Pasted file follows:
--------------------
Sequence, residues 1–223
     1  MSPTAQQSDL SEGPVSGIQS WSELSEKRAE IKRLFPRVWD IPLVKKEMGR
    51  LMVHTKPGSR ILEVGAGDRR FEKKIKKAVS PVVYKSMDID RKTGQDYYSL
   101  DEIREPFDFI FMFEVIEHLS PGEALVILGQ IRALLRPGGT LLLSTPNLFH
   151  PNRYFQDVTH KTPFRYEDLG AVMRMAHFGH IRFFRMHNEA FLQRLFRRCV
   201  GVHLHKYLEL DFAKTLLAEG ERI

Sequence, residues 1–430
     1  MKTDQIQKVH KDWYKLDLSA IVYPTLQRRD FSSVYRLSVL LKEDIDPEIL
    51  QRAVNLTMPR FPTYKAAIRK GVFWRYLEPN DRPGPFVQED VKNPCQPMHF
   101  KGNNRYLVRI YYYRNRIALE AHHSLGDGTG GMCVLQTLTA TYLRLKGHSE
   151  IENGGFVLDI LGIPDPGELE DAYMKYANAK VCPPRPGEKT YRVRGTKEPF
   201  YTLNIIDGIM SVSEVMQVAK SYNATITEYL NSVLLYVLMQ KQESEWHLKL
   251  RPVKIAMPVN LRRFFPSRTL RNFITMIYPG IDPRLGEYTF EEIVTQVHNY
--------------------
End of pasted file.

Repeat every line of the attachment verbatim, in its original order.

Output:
Sequence, residues 1–223
     1  MSPTAQQSDL SEGPVSGIQS WSELSEKRAE IKRLFPRVWD IPLVKKEMGR
    51  LMVHTKPGSR ILEVGAGDRR FEKKIKKAVS PVVYKSMDID RKTGQDYYSL
   101  DEIREPFDFI FMFEVIEHLS PGEALVILGQ IRALLRPGGT LLLSTPNLFH
   151  PNRYFQDVTH KTPFRYEDLG AVMRMAHFGH IRFFRMHNEA FLQRLFRRCV
   201  GVHLHKYLEL DFAKTLLAEG ERI

Sequence, residues 1–430
     1  MKTDQIQKVH KDWYKLDLSA IVYPTLQRRD FSSVYRLSVL LKEDIDPEIL
    51  QRAVNLTMPR FPTYKAAIRK GVFWRYLEPN DRPGPFVQED VKNPCQPMHF
   101  KGNNRYLVRI YYYRNRIALE AHHSLGDGTG GMCVLQTLTA TYLRLKGHSE
   151  IENGGFVLDI LGIPDPGELE DAYMKYANAK VCPPRPGEKT YRVRGTKEPF
   201  YTLNIIDGIM SVSEVMQVAK SYNATITEYL NSVLLYVLMQ KQESEWHLKL
   251  RPVKIAMPVN LRRFFPSRTL RNFITMIYPG IDPRLGEYTF EEIVTQVHNY